We all recognize these figures. They are emotionally baked into our brains, just like walking, breathing, and consciousness. They have become part of the human species. We call these personalities archetypes.

We use these archetypes as a tool to translate precisely who our client is. When we create a visual identity for someone, we find it important that this visual identity aligns seamlessly with who they are inside. We refer to the archetypes in our process to say a lot about the identity that needs to be translated with few words. Because you, we, and everyone else – including the people in your target audience – will recognize these archetypes, either consciously or unconsciously, they will intuitively understand which personality is being represented. What story is being told.

Does it still sound vague?
Okay, here are a few more examples.

What do we nearly all associate round, small, soft, and fluffy with? Exactly, with babies, young animals, puppies, chicks. What does this evoke in most of us: tenderness, protection, "I need to take care of this". The archetype activated in us is the caregiver.

Archetypal branding and storytelling are more closely related than you might think


We know the archetypes well because we find the work of Carl Gustav Jung very fascinating and often study it. He is the one who first explained how this actually works in our psyche and in our soul. He was not a master storyteller himself (you can't have it all), so his work is not suitable for a quick scroll through, but we recommend everyone to delve into it anyway. We will dedicate a blog or two to it later, but what he actually describes is a kind of psychic DNA. The human DNA not only determines that we can walk upright, develop consciousness, find language for emotions, etc. Our human predisposition also contains psychological structures that we all have in common. This also includes the archetypes. By archetypes we mean a set of emotions, behavior, goals, fears and desires, which together form a personality, as it were. For example, the personality of a king, or a rebel, a hero, an anti-hero, a mother and so on. These personalities not only become visible in stories, fairy tales and films, but they also live in each of us. Because they belong to our common psychic DNA. That is why we recognize them when we encounter them outside ourselves. For example in a fairy tale, but also in a product, or a company or in someone else who lives that special archetype (and the other less so). Examples of the latter? Mother Teresa as the caregiver, Bishop Tuto as the sage, Che Guevara as the rebel, Putin as the ruler, the King of Butan as a real king, but also Beyonce as a queen (Queen Bee).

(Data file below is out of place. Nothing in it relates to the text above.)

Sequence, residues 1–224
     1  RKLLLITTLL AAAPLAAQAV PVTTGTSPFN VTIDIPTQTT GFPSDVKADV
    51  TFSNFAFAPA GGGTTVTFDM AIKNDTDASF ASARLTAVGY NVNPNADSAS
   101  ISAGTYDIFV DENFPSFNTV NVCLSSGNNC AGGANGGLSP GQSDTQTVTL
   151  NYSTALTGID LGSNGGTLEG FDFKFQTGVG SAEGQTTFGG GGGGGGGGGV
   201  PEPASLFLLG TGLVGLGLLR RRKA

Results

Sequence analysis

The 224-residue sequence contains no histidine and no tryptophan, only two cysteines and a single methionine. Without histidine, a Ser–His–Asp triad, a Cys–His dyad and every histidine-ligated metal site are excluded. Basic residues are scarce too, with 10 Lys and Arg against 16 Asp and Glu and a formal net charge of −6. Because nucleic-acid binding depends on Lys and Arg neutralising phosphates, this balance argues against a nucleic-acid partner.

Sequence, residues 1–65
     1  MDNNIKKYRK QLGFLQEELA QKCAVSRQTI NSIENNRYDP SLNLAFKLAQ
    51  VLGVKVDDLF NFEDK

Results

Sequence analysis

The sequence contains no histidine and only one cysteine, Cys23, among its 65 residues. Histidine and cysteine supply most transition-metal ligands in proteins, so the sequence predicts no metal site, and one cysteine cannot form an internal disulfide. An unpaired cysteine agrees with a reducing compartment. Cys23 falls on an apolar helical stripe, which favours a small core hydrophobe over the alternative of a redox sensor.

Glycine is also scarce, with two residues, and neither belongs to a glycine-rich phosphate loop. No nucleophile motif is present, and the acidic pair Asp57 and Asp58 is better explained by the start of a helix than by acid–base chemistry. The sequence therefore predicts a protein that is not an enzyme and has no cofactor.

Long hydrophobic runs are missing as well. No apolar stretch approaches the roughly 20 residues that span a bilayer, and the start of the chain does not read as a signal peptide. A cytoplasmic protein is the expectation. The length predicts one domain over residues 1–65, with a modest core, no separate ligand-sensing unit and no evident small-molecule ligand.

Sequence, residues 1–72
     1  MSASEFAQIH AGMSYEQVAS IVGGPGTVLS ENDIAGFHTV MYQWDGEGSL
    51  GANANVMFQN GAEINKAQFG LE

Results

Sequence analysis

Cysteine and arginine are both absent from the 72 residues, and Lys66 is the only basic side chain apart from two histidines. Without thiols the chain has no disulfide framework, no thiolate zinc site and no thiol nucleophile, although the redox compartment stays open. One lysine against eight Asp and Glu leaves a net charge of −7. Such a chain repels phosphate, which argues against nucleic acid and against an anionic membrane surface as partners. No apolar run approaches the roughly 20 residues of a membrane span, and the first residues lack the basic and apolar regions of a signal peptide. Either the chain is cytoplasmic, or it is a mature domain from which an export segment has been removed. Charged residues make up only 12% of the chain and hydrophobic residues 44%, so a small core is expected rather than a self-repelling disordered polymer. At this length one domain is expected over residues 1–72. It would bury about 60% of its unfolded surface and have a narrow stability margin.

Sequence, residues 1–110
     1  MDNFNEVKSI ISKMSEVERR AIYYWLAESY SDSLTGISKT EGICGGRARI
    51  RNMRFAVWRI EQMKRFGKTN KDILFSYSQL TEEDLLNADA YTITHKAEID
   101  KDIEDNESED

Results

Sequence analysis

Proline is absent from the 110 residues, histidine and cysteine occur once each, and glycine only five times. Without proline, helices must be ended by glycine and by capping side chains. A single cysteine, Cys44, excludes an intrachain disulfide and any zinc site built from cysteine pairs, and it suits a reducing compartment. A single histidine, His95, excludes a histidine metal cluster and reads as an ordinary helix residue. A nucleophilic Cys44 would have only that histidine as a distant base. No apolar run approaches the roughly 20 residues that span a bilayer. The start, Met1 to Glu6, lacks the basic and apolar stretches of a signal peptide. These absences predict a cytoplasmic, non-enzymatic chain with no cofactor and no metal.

The one who first demonstrated the existence of those story structures and archetypes in all of us is Joseph Campbell. Read that man's work (!) and watch the videos of him that are still available on YouTube. It is so rich and moving and it makes it so clear what we as people have in common and what moves us. In the context of our own work, The Hero's Journey is really of basic importance. We will tell you much more about that at a later stage. But right now it's important that you know this: This Hero's Journey, the Hero's Journey, is the story of you and me and everyone. What is it? No idea! Because it is such a strong concept, there are of course all kinds of smart people who have turned it into something like a product or a game or a concept. But that's not possible at all. The point is that the structure of the Hero's Journey is recognizable to everyone as a story about him or her. At the same time, your final story is just as unique and incomparable to anything or anyone else as you are. The Hero's Journey is what unites us, our own story is what makes us unique.